The filter here is quite nice, as it not only allows you to switch between a 2-pole (12db per octave) or 4-pole (24db per octave), but also can be fully modulated at the Cutoff using the Envelope Generator. A nice tool in helping you truly sculpt the way in which the filter will affect the signal passing through. Modulation can also be done using the LFO to further wreak havoc, a nice way to do classic analog syncopations or spacey sound effects. While it also offers Keyboard Tracking and Velocity, we have to admit it has a slight drawback in that neither one can be fully adjusted. Both toggle switches can be either set to 0% (lower position), 50% (mid position),and, 100% (up position). 

 

Envelope-wise, as mentioned the Minilogue has two, one which can modulate the 2nd VCO, Filter, or the speed or intensity of the LFO, and the Amp envelope which offers your standard ADSR. Below them, we find the LFO section, which is fairly straight-forward, and uses Square, Sawtooth, or Triangle waves to modulate sources that as mentioned include VCO Pitch, VCO Shape, or the Filter Cut Off. Next to the wave toggle switch, we find another switch for the Envelope Generator Mod, which also as mentioned, can be used to modulate the LFO's Speed or Intensity; for which both knobs can be found next to it. But now let's get into the really unique characteristics of the Miniloque, which set it apart from the rest; and some, from any synth ever released!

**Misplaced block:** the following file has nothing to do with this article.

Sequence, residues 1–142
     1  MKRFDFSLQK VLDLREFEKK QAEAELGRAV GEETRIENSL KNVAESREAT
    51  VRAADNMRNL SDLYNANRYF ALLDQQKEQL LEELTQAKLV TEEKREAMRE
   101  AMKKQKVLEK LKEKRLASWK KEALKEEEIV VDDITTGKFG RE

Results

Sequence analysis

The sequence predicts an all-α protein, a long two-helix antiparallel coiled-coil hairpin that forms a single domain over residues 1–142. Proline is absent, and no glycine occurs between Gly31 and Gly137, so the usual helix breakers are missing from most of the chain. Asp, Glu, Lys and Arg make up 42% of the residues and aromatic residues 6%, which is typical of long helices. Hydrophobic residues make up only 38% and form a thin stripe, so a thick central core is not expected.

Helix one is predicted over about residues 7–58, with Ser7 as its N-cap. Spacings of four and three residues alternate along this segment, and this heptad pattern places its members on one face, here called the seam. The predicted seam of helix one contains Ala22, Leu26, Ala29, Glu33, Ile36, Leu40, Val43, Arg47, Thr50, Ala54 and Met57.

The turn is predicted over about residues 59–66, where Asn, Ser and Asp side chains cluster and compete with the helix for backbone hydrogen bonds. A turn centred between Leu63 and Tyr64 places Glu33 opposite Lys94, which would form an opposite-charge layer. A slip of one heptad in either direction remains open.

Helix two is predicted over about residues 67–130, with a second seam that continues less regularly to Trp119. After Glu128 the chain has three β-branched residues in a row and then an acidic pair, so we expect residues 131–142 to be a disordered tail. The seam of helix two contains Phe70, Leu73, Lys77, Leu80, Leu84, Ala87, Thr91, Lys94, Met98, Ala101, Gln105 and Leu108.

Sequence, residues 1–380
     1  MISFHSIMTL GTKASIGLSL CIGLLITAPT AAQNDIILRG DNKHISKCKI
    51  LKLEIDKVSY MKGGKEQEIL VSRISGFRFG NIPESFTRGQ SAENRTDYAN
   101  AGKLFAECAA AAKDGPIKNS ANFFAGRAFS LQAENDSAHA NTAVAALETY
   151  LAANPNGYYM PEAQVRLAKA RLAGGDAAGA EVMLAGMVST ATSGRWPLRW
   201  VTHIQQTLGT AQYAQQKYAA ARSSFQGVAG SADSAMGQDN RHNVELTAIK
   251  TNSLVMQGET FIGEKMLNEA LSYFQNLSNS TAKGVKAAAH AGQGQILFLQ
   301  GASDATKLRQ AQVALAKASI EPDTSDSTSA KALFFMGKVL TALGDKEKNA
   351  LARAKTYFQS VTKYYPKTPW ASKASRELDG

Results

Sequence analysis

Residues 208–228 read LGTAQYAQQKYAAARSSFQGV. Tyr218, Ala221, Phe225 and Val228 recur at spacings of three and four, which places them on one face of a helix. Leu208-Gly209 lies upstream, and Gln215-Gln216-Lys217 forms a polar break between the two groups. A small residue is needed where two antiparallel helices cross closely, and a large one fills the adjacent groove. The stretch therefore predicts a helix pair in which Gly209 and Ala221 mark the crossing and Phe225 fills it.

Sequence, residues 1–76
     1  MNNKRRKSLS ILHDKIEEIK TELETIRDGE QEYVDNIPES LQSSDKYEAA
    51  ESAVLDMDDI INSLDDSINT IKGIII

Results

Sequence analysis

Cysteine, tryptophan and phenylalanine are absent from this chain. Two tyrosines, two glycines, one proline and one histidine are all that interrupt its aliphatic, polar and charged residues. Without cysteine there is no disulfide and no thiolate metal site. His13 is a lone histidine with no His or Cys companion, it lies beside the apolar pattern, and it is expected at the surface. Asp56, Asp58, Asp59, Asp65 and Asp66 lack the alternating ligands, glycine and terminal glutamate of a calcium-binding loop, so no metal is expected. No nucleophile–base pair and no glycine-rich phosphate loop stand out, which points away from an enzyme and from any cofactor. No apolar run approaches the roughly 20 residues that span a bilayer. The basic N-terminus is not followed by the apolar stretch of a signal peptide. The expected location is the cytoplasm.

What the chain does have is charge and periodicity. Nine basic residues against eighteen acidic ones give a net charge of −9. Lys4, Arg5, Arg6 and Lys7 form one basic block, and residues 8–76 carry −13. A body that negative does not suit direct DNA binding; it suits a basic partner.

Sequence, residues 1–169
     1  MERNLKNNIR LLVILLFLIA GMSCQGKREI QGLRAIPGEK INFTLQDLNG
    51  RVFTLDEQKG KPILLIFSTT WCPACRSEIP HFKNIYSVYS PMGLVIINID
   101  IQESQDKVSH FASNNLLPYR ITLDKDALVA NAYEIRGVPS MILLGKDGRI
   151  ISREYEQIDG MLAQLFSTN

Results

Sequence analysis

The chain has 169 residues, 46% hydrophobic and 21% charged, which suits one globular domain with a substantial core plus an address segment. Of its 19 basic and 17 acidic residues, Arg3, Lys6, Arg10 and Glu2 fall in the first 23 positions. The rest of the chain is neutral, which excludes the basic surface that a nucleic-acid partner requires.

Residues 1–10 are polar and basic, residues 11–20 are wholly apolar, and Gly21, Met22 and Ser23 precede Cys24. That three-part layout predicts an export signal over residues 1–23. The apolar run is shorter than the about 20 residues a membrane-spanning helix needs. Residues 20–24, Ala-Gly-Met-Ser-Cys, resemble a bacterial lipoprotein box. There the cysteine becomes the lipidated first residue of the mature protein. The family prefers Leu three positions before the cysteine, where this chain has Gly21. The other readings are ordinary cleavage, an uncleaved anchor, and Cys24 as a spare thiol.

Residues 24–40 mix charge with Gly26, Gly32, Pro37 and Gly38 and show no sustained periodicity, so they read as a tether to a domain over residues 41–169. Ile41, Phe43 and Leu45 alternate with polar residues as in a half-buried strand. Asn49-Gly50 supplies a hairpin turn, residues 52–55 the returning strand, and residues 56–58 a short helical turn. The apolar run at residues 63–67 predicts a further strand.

Let's start with the cool "Tape-Style" delay, which offers a very useful, and not well mentioned feature unless you see it for yourself: A Highpass Filter. Very cool of them to add this. Another really cool feature about this delay, is that it can either affect the signal pre-fader, or post, or can be bypassed completely. In between this switch, and the HPF, we find the Time and Speed knobs, but there is no mention anywhere including the manual whether the speed can be set to MIDI; which is fine for most of die-hards, who typically wouldn't blink an eye to even set an LFO's speed to MIDI...but kids, don't try that at home, as it may cause you to jump out of a window, or put a hole in your wall due to excessive "banging of your head" against it. This isn't for the faint of heart, but worth the time put into practicing it, as it will actually help you get much more out of your modulation attempts. Now let's talk of what may be the Minilogue's biggest strength, and that is its unique "Voice Mode" options.